Tuesday, 21 February 2012
Department of Foreign Affairs and Trade
Question 103: To ask the Tánaiste and Minister for Foreign Affairs and Trade the reason a passport application was refused in respect of a person (details supplied) in County Mayo; and if he will make a statement on the matter. [9401/12]
The Passports Act, 2008 provides, inter alia, that only Irish citizens are entitled to be issued with Irish passports. Each application received by the Passport Service must, therefore, demonstrate that person’s entitlement to Irish citizenship before a passport can issue. The person in question was born in Co. Mayo on 1 June, 2009. Her entitlement to Irish citizenship is governed by the provisions of the Irish Nationality and Citizenship Act, 1956, as amended (the Act). Section 6A of the Act provides that persons, born in the State on or after 1 January 2005, where neither parent is an Irish or British citizen or otherwise entitled to reside in the State or Northern Ireland without restriction, may claim citizenship by birth in the State (and thereby establish eligibility for an Irish passport) only where a parent has been lawfully resident in the State for three years of the four years preceding their birth.
It is the practice of this Department to seek and consider documentary proofs of Irish citizenship in all passport applications. In the case of passport applicants, born in the State on or after 1 January 2005, where neither parent is Irish, British, or otherwise entitled to reside in the State or Northern Ireland without restriction, proofs are specifically required in respect of the lawful residence in the island of Ireland of a parent to establish an entitlement to citizenship for the child.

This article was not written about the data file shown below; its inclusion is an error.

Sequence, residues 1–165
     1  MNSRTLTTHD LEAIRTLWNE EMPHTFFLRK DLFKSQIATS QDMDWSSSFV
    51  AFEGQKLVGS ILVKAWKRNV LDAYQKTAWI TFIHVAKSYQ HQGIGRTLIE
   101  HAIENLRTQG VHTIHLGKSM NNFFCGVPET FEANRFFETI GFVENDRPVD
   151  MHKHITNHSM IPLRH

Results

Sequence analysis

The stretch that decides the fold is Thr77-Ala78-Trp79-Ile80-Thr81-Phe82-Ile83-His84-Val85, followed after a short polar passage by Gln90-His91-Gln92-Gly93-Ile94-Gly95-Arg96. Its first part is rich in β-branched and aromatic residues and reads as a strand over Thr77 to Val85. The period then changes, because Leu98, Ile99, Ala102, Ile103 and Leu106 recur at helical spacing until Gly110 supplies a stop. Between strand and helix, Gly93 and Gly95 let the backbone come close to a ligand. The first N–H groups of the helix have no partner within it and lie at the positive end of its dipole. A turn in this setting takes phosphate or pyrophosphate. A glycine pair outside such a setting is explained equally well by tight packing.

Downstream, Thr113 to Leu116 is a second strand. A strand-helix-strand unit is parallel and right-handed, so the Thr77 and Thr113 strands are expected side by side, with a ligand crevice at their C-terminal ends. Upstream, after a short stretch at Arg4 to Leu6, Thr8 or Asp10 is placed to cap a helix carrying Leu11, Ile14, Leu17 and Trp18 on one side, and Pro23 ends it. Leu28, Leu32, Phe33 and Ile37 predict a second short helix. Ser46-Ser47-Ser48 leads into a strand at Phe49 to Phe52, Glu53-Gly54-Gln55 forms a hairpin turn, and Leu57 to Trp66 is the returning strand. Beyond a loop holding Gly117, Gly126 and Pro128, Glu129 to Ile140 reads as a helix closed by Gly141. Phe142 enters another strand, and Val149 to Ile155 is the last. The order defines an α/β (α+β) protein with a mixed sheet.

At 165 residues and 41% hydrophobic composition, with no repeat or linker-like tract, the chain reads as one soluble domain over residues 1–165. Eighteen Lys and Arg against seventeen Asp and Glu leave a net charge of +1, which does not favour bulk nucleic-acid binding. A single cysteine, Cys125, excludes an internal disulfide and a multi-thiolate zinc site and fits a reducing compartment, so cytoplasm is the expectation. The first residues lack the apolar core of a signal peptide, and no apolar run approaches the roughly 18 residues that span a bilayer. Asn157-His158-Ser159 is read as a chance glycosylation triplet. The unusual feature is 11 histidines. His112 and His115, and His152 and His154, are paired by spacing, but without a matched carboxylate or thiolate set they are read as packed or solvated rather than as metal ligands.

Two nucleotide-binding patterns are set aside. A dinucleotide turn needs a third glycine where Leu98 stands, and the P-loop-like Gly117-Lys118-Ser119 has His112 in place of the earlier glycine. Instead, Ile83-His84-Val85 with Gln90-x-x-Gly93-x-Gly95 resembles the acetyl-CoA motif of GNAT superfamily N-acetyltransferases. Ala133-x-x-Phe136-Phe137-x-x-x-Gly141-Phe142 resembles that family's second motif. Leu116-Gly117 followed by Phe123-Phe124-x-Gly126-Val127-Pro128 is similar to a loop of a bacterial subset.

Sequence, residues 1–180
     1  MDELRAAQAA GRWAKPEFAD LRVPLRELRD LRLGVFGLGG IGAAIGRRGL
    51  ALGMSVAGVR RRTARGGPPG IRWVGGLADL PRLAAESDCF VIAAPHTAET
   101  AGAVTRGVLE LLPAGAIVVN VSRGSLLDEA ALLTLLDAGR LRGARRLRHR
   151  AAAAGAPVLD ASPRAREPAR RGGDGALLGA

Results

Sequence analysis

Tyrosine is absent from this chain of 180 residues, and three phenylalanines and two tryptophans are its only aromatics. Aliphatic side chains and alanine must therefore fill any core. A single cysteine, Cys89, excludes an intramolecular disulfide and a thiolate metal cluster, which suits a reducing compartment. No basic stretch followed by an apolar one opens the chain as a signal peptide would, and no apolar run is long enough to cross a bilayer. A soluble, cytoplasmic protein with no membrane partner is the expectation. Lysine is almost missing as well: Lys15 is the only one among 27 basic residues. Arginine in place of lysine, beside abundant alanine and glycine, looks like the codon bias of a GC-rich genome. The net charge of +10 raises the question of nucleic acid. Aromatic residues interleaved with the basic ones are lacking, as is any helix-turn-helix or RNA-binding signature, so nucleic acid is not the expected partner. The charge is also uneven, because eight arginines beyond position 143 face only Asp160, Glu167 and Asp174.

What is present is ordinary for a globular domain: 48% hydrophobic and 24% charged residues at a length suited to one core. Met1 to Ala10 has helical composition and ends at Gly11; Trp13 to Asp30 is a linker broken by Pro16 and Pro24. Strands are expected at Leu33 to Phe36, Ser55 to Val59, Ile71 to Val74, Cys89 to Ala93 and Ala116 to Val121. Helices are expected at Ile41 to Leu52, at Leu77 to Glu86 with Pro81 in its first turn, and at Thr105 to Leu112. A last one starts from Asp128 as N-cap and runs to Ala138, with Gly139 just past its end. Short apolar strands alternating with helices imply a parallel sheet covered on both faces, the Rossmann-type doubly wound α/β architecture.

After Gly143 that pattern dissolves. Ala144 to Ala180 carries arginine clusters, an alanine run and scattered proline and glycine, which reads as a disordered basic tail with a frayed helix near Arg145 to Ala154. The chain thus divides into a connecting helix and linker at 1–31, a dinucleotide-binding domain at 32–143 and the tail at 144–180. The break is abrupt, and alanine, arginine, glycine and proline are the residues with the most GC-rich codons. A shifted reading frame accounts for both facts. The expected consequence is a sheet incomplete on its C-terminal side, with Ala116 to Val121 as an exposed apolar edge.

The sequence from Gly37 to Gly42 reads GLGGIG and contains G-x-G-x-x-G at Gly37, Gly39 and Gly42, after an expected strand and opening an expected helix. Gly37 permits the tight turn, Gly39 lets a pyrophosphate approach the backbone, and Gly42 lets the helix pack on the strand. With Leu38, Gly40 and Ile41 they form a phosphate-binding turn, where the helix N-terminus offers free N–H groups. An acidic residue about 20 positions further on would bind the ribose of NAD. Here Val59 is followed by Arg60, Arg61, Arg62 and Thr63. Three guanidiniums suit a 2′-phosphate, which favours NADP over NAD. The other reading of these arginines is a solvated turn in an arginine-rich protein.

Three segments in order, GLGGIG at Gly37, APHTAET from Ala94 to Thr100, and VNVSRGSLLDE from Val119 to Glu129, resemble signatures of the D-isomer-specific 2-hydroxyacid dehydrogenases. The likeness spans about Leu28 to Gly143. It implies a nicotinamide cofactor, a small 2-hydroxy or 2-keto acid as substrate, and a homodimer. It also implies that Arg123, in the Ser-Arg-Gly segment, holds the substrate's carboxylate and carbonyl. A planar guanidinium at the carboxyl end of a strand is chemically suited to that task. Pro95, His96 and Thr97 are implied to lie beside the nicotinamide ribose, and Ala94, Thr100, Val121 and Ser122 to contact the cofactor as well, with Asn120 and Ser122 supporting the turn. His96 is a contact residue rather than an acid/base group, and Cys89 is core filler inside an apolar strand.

In line with guidelines provided by Department of Justice and Equality, which is the Department responsible for immigration and citizenship, the proofs of lawful residence which are accepted and considered by this Department for passport applications are immigration stamps in passports and/or the registration cards/books which are given to persons registering with the Garda National Immigration Bureau (GNIB). These are official documents which can be objectively verified by the Department.
In the case of the person in question, two applications were made, on her behalf, to the Department in 2010 and 2011. On both occasions, the evidence of immigration stamps and cards in respect of the child’s mother in the period 1 June, 2005 to 31 May, 2009 did not yield the required amount of lawful residence to demonstrate this person’s entitlement to Irish citizenship and thus a passport.
The Passport Service wrote to the parents in respect of both applications to seek additional evidence of the parent’s lawful residence in order to progress their daughter’s passport application to passport issue. As no response was received to these letters, the Passport Service is unable to issue a passport to the person in question under the Passport Act, 2008.